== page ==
Tuesday, January 29, 2008

Y: The Last Man to be a Trilogy?

In a fantastic interview with Disturbia director D.J. Caruso, USA Today uncovered some hints about the future of the comic-to-film adaptation. The director says that he wants to split the films up into a possible trilogy, citing the epic length of the series as the main reason.

"We kind of gave it a different arc. Where this series [the comic book, the last issue comes out next week] ends, hopefully, would be, like, the third movie. It's so dense...there's so much great s--t in there...and what I think sort of hurt it before was they were trying to throw everything in, including the kitchen sink."

If they are going to make a movie out of this, they better do it right. I like the concept of the series as a trilogy, especially since there are 60 issues worth of material to contend with. This isn't a small project. For those of you still not familiar, Y: The Last Man follows Yorick Brown and his pet monkey Ampersand, the last males on Earth after a plague kills everything else on the planet with a Y chromosome. Read the first issue for free here. Highly recommended.

Although the casting of Shia LaBeouf in the lead role of Yorick has not been confirmed yet, Caruso immediately thought of his young star when he read the series for the first time and they've gone through preliminary casting talks. Caruso says he wants Y: The Last Man to be the next project he works on after wrapping up post-production on Eagle Eye (also starring LaBeouf), which is set to come out in August.

G.I. Joe Raises Average Age of Cast With New Additions

According to Variety and, Dennis Quaid and Arnold Vosloo have joined the cast of Stephen Sommers' film adaptation of G.I. Joe.

Quaid (known most recently for his bout with "manorexia") will play General Hawk, the leader of the G.I. Joe squad. Vosloo (the mummy from The Mummy) is set to play the villainous Zartan, a mercenary who works with COBRA. I don't know who either of these characters are because I never got into G.I. Joe as a kid, but apparently the film is becoming pretty highly anticipated.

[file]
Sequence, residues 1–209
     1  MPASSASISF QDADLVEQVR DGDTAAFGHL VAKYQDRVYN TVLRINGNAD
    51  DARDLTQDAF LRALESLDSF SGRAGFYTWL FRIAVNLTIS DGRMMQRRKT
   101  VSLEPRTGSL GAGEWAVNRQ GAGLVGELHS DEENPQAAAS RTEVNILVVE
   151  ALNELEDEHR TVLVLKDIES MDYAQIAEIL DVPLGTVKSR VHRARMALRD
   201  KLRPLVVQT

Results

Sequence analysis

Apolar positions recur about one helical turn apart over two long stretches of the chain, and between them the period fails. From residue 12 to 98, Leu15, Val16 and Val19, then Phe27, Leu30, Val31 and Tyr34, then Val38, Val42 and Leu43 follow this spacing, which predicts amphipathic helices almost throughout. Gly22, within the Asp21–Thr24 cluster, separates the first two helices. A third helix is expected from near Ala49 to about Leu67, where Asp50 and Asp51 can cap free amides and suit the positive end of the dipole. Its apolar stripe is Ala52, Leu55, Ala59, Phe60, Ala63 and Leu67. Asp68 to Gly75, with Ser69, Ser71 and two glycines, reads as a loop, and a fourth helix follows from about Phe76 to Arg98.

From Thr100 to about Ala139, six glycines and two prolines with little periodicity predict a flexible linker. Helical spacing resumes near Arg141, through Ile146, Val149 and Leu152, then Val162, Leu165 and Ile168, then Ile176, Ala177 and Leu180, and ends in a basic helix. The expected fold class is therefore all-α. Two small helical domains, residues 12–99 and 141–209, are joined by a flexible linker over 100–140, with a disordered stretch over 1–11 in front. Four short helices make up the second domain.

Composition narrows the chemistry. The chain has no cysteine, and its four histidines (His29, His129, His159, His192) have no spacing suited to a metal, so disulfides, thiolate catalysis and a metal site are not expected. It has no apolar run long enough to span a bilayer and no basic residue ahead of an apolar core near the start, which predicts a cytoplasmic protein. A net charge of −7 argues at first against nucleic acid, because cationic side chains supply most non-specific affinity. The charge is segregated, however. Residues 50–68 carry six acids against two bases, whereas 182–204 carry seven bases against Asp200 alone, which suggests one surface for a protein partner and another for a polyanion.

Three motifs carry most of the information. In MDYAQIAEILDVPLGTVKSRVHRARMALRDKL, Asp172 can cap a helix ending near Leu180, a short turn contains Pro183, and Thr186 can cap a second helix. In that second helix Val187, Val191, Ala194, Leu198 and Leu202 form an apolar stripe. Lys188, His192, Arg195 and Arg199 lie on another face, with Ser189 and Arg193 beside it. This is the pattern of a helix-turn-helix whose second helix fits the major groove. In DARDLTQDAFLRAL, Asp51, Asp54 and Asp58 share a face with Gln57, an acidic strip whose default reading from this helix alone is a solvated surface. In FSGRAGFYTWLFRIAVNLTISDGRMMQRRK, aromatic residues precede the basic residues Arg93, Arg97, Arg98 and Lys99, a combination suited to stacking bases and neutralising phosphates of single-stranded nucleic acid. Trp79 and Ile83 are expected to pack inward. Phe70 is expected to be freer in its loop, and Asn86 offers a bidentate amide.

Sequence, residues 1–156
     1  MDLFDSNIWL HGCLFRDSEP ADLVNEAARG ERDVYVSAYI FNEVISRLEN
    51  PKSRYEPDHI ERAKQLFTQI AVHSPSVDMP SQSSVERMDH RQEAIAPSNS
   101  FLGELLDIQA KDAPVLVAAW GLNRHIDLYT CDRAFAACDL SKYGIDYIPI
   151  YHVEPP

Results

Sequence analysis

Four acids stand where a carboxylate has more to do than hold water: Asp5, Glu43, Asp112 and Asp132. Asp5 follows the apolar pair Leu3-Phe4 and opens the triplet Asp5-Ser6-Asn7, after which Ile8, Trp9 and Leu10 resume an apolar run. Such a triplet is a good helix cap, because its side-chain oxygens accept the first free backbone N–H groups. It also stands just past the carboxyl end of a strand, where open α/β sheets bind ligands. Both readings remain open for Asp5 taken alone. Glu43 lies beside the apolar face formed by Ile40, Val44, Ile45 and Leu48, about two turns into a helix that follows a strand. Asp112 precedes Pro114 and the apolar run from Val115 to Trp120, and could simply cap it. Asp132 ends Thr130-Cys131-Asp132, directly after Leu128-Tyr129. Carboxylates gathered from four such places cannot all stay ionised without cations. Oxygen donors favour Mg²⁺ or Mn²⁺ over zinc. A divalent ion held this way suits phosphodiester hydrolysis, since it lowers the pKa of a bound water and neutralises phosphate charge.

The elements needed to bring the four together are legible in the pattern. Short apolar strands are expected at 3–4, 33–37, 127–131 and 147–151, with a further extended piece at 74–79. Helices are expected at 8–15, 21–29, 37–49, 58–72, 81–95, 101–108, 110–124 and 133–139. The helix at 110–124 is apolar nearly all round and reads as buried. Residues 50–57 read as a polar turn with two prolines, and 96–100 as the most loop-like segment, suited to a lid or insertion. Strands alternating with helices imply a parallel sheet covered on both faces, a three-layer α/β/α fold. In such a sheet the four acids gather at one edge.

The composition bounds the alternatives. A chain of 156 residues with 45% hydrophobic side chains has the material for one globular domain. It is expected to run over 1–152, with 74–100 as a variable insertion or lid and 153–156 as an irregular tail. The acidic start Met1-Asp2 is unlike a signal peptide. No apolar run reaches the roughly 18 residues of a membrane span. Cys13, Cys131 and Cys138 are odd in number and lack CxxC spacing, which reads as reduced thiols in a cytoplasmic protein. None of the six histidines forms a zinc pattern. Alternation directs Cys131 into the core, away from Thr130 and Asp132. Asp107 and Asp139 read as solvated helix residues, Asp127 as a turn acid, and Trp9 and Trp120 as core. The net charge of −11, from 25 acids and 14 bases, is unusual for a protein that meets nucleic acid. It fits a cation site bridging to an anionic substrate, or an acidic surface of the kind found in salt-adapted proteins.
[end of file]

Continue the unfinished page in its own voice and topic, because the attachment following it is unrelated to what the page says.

The more surprising thing I learned today is that Stuart Beattie wrote the most recent draft of the script. Beattie is responsible for writing Michael Mann's Collateral, one of my favorite films, so I guess this can't hurt the production of G.I. Joe. Hopefully it won't be too ridiculous.

Monday, January 28, 2008

Diesel and Walker Are 4 Fast 4 Furious

Vin Diesel told MTV today that he would get back in the driver's seat for another sequel to the film that brought street racing to the mainstream.

"I think doing the cameo in 'Tokyo Drift' confirmed a lot of things for me...when you create a role that the world kind of identifies with...sometimes you have that responsibility to return to that role. I think the time has come to revisit Dom Toretto."

Diesel also confirmed that Paul Walker has signed on to reprise his role in the upcoming installment that will probably race into theaters in 2009. What else can they do in this franchise? Have them street race in space? Honestly though, I'll probably end up seeing this when it comes out. I've already seen the other three, so I'm in too far not to.

Depp and Bale to be Public Enemies

Michael Mann (Heat, Collateral) is directing a film about John Dillinger, a man who leads a gang of bank robbers across the country during the Depression and the feds that try to track him down. Johnny Depp will play Dillinger, and Christian Bale will play Agent Melvin Purvis, the "Tommy Lee Jones in The Fugitive" character who makes it his mission to catch the gang of criminals.